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048: Inside a Milk Tanker and the Amul Story with Bhavi Patel (Day 3 SFW2)

Updated: Mar 30, 2022

She learnt how to milk a cow named Chetna, scale up the ladder of a gigantic silo, wash the slippery insides of a stainless steel tank, and cohabitate with dairy animals in Palanpur. Bhavi Patel rebelled against the traditional Indian paths of medicine and engineering, and instead chose to pursue a B. Tech degree in Dairy Technology, much to the surprise of her family. Yesterday Bhavi shared her first hand experiences from the four years she spent at the Agricultural University.

Bhavi’s birthplace of Anand, Gujarat is synonymous with AMUL (Anand Milk Union Limited) - a state government cooperative with 3.6 million milk producers, the “utterly butterly delicious” mascot and witty advertisements loved across the country. India is the world’s largest producer of milk followed by the U.S.A. and China, thanks largely to the efforts of Verghese Kurien who steered India’s “White Revolution” at AMUL.

Last morning, thanks to Bhavi’s information dense lecture, I saw the daily Nandini orange milk sachet in a new light. There in front of me were both the horizontal and vertical seals that need to pass the Quality Assurance 2 metre drop test. For the first time, I understood “milk solids” in the ingredient list - as cows and buffalos produce less milk, and less fats in the summer. I saw that it is enriched with Vitamins A and D which are not naturally present in milk. And that the percentage of “milk fat” and “milk SNF - solids not fat” were clearly labelled so as to meet legal definitions, and be marketed as “standardised” milk.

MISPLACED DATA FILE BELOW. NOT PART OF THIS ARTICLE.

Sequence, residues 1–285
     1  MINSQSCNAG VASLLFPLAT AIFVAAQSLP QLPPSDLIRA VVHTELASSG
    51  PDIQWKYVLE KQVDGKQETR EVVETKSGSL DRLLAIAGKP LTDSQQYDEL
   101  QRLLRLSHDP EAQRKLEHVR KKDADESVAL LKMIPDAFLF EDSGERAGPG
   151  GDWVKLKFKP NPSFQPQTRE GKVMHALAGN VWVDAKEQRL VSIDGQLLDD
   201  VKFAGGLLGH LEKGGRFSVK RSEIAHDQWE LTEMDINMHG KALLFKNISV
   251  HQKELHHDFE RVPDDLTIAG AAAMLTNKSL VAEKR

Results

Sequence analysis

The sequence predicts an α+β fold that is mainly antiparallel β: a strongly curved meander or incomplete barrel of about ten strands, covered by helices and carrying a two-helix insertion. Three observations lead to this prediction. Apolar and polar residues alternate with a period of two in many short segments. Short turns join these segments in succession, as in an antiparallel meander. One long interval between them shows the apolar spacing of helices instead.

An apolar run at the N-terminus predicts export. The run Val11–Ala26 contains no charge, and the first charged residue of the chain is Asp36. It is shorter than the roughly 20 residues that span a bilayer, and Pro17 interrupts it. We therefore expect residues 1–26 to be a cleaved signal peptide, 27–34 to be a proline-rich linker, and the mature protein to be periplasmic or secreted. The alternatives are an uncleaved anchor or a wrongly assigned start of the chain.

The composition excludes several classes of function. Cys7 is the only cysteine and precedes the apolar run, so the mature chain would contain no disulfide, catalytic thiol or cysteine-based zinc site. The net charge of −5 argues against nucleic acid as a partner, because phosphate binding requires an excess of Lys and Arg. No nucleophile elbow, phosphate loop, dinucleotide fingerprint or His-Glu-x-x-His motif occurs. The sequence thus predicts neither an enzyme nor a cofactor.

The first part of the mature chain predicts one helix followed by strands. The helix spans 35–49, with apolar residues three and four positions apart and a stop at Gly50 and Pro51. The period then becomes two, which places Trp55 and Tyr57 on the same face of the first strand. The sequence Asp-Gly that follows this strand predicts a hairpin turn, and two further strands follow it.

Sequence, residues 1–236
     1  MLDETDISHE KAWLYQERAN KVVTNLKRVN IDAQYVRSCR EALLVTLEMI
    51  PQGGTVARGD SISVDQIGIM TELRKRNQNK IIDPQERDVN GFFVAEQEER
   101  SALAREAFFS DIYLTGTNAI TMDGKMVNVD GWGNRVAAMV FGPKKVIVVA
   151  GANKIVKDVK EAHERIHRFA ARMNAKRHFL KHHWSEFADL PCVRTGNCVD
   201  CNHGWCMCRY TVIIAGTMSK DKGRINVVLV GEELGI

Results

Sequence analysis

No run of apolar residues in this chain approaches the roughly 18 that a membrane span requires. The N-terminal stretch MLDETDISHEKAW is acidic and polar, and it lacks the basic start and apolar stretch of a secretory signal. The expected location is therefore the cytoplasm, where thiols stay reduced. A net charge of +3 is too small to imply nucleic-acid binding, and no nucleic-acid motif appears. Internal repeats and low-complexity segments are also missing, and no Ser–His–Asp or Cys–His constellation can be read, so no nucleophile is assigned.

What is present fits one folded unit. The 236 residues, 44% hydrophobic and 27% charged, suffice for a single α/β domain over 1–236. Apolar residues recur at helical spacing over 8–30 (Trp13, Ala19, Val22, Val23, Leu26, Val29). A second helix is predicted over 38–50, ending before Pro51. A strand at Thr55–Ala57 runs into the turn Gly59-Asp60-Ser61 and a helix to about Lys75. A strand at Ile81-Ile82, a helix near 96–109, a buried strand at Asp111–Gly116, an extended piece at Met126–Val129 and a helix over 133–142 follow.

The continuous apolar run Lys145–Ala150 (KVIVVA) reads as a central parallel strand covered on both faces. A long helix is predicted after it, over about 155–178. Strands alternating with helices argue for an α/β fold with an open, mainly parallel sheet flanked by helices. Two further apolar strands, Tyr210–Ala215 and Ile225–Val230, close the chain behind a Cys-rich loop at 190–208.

I sent a silent prayer to the 19th century French chemist Louis Pastuer who made it safe for millions of us to consume milk. I was grateful to the numerous technological inventions (including electric refrigeration), advances in storage and transportation that make it possible for me to open my door to a bag of milk. But most of all I was beholden to the numerous farmers who take their cows and buffalos out for grazing, who hand-pick the juiciest grasses when they are pregnant, and who ride to the abundant collection centres with their cans brimming with warm milk.

Post Script:

Not all is rosy in the milk industry. We would need another session to deal with artificial insemination, hormonal injections to increase milk yield, separation of the calves from the mothers, urban cows that eat out of garbage cans, and the plastic packets of milk that end up in landfills and the sea. Milk processing in India is a complex universe.

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